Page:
The government’s decision, to be announced later today, to reverse its position on competition law changes and establish an “effects test” is a welcome one.

The proposal for an effects test — in which anti-competitive conduct would be judged not on the intention of the business involved, but on its effect on the market — infuriated big business when Professor Ian Harper recommended it as part of his review of competition law commissioned by the Abbott government.

At the time, the proposal created a peculiar alliance between the right of the Liberal Party, Labor and the Business Council of Australia on the one hand and then-small business minister Bruce Billson, the Australian Competition and Consumer Commission, the Nationals and small business on the other.

But the current requirement to establish intent is virtually unworkable as it needs the ACCC to provide evidence that a business with a substantial degree of market power intended to engage in anti-competitive conduct, even if the impact of its conduct is demonstrably damaging to a market and consumers.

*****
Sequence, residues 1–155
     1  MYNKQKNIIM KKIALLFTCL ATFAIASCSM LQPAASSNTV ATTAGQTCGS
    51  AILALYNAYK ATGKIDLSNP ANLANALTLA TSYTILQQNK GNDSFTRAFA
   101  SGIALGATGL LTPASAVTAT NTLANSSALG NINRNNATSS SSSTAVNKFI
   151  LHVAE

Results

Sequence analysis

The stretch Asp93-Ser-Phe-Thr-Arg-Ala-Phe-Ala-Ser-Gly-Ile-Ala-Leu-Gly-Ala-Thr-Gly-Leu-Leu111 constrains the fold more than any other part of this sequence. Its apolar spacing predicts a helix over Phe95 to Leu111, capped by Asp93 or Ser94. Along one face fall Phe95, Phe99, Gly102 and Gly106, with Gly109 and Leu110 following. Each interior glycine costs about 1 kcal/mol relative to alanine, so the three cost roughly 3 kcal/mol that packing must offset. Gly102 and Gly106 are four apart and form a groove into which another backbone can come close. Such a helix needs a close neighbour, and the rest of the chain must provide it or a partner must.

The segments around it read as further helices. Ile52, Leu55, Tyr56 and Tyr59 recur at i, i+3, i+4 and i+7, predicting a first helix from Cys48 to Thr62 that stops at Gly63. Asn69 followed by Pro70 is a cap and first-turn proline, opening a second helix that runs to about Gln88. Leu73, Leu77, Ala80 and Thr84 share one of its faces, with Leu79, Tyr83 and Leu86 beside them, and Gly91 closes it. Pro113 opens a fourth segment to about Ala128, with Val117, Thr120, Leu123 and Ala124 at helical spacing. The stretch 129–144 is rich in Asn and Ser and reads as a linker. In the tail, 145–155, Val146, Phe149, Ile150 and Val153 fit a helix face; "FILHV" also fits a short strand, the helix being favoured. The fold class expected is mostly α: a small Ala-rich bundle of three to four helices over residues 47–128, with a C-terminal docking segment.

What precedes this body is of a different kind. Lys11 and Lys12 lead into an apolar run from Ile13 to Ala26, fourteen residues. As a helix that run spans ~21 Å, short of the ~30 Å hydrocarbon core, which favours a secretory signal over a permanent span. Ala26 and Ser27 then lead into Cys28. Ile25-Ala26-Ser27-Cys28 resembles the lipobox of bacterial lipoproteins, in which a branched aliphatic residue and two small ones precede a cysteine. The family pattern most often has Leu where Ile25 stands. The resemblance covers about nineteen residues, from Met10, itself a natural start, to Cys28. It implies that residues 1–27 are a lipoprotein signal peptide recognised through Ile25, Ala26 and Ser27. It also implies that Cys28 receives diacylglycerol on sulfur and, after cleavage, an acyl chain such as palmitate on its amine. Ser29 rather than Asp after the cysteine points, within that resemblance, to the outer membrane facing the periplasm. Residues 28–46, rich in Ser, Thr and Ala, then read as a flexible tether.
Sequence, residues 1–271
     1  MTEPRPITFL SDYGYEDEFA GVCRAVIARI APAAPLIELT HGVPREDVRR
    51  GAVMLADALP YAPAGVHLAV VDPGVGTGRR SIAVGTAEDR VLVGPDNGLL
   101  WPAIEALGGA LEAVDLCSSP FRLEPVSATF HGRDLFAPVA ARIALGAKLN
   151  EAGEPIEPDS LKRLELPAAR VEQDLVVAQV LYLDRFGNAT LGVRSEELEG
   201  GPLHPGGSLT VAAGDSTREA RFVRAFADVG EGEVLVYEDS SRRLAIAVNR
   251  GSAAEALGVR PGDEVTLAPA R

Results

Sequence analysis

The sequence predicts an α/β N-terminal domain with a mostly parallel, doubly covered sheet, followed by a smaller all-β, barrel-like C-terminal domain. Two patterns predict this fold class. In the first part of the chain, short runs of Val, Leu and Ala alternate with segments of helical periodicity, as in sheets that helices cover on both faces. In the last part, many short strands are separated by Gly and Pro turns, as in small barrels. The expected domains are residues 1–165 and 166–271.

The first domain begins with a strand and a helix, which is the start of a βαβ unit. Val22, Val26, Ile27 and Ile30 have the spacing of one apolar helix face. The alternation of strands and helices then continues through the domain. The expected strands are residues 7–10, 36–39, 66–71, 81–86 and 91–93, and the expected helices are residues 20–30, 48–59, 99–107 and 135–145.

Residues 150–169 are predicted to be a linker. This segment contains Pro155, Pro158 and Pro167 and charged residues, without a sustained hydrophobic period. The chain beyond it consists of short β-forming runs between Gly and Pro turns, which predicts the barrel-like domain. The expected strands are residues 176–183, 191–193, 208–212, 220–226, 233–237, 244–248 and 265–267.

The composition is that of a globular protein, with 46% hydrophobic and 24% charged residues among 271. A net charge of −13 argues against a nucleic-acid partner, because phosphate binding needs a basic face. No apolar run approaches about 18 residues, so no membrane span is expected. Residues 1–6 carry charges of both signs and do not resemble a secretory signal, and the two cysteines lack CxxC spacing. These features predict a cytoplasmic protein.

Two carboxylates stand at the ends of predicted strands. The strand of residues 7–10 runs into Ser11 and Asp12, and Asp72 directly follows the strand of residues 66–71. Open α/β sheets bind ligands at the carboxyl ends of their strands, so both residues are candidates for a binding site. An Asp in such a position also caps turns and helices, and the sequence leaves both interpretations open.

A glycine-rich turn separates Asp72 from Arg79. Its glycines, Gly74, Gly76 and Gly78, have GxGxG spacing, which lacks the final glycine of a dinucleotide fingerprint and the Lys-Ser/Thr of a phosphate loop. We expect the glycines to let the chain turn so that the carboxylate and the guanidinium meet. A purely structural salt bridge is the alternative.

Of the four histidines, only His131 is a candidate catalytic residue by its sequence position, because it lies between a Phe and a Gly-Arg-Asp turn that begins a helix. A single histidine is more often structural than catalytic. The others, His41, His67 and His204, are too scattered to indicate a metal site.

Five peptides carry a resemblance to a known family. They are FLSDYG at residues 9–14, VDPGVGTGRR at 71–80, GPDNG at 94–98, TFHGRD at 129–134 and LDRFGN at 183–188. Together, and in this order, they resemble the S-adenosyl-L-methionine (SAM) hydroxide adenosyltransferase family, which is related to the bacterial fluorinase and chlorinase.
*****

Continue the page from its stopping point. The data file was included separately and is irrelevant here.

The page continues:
Big business claims an “effects test” will create uncertainty, undermine competition and discourage investment. But it will do none of those things — it will merely apply the approach that is used successfully in other areas of competition law, and in many other countries. Like many apocalyptic warnings of the business sector, the railing at an effects test has little solid basis. Today’s decision is a win for small business and consumers.

Peter Fray

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